Questions and Answers About Traveling to Brazil for Rio 2016 Olympics
Beginning June 1st, 2016, Brazil has made it a whole lot easier for U.S. citizens that are planning to attend the 2016 Summer Olympics in Rio August 5th through the 21st, by waiving the requirement for a travel visa to enter. You will still need a passport in good standing.
How long will the visa waiver be in place?
According to Henrique Alves, Brazil’s minister of tourism, the visa waiver program will allow citizens of Australia, Canada, the United States and Japan, all normally required to obtain visas to travel to Brazil, to enter the country without visas between June 1 and Sept. 18, 2016.
Has this been done previously in Brazil?
Yes. In 2014, Brazil experimented with waiving the visa requirement during the World Cup, and the move resulted in a record one million travelers visiting the country over a 2 month period in the summer.
What is the length of validity for the visa waiver?
The exemption from the visa requirement is valid for 90 days, and this period will count from the first visitor entry into the country.
Does this cover travelers from the United States?
Yes, tourists from Australia, Canada, the U.S. or Japan who want to benefit from the measure should thus enter Brazil from June 1 until Sept. 18, 2016.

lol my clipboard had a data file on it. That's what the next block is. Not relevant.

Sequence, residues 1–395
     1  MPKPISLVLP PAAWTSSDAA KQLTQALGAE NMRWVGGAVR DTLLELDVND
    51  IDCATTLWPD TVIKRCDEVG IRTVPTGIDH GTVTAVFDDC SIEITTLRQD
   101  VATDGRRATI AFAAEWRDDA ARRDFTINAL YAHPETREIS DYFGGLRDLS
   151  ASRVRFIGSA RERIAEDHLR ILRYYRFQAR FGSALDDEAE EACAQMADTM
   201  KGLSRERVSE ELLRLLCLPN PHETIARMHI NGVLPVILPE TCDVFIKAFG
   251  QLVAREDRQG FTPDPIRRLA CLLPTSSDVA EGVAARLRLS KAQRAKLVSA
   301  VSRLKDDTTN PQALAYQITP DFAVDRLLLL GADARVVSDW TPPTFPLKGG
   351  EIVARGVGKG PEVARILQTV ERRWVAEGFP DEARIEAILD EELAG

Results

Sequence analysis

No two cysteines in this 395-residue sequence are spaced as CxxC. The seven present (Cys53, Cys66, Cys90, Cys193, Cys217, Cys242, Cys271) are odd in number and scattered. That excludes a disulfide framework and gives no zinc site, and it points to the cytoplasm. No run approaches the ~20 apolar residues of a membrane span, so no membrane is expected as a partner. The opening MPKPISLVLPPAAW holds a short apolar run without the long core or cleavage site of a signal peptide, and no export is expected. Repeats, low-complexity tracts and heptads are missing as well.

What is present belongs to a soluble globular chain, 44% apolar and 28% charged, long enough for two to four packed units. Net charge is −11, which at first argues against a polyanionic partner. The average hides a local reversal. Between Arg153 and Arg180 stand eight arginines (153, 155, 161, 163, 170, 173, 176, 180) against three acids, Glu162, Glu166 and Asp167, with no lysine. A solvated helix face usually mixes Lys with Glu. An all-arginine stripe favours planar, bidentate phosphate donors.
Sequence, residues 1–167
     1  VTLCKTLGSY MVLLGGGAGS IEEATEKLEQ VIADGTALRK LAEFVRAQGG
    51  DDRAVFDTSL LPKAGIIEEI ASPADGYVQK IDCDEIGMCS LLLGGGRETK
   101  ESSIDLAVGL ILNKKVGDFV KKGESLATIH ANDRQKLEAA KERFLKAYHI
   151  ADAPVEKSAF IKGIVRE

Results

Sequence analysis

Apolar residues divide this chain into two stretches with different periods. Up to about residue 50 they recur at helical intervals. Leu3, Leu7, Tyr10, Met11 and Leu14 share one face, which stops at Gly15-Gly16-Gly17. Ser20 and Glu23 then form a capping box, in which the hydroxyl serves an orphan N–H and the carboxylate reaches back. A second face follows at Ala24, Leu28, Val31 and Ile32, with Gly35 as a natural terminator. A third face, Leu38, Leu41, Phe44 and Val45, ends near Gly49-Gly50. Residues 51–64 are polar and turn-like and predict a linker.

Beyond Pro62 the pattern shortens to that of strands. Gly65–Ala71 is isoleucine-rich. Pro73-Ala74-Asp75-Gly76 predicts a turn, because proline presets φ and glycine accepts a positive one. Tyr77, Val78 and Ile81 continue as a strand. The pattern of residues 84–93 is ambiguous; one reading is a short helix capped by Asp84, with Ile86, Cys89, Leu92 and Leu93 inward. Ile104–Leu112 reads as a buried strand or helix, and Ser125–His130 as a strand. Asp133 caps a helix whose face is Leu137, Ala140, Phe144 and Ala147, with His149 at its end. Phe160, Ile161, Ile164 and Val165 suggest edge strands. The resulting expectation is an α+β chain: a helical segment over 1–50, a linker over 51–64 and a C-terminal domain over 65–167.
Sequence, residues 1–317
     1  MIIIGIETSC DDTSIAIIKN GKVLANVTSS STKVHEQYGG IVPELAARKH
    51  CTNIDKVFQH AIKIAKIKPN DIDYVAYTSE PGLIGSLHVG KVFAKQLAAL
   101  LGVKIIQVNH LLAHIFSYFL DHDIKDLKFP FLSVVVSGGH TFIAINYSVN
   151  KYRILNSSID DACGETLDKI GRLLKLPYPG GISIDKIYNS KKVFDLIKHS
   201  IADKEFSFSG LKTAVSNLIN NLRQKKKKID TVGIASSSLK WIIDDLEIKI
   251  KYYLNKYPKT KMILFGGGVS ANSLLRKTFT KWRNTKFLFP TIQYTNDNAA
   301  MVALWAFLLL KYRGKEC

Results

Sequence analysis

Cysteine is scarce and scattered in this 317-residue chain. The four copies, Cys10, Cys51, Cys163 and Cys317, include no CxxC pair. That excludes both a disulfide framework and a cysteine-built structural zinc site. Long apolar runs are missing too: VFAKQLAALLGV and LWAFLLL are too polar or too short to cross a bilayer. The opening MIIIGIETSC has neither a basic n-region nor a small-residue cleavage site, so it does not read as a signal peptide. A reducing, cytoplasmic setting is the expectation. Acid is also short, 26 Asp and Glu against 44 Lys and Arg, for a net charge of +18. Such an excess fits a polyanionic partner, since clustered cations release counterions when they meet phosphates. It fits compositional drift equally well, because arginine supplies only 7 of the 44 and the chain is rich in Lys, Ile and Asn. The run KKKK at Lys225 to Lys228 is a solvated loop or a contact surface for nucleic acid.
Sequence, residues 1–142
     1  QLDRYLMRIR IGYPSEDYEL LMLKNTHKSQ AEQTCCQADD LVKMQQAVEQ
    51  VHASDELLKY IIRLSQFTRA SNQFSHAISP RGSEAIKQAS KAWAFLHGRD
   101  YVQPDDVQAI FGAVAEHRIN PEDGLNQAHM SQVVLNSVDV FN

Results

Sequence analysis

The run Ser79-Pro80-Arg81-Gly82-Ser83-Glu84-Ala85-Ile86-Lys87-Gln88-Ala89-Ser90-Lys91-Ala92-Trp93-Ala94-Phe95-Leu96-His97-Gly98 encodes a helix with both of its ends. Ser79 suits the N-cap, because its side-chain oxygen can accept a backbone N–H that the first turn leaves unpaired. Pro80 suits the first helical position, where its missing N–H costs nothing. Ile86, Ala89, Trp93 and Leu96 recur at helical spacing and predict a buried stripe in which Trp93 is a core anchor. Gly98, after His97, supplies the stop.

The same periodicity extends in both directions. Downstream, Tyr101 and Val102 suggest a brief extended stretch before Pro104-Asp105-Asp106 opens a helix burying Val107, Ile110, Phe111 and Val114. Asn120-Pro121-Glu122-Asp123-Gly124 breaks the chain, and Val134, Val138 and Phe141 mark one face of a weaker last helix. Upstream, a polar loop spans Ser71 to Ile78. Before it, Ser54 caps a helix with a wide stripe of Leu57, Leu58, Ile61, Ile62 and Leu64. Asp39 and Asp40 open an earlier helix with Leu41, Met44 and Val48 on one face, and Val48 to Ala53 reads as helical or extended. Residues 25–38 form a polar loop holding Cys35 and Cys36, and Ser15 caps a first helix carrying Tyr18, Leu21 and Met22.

When does the visa waiver end?
Starting on Sept. 19, 2016, the usual visa requirement for the countries mentioned above, currently in force, will again be required.
How will the process of entry work for tourists exempted from obtaining visas?
The procedure will be the same for all other foreigners coming to Brazil. After disembarking the plane, they will have to go through customs and immigration control at seaports and airports. What changes is not the entry procedure, but the facilitation of travel, since tourists will no longer need to go to the Brazilian consulates and embassies to obtain visas.
Does this only apply to tourists visiting Brazil for the Olympics?
No. To travel to Brazil at that time, visitors simply need to have a valid passport and roundtrip tickets.
What is the financial means statute?
Tourists should be able, if necessary, to prove financial means to remain in the country if called upon by the immigration authorities, as may occur with all visitors who come to Brazil.
Are the airlines aware of this waiver?
Yes, the Brazilian government created a task force to keep all entities and agencies informed.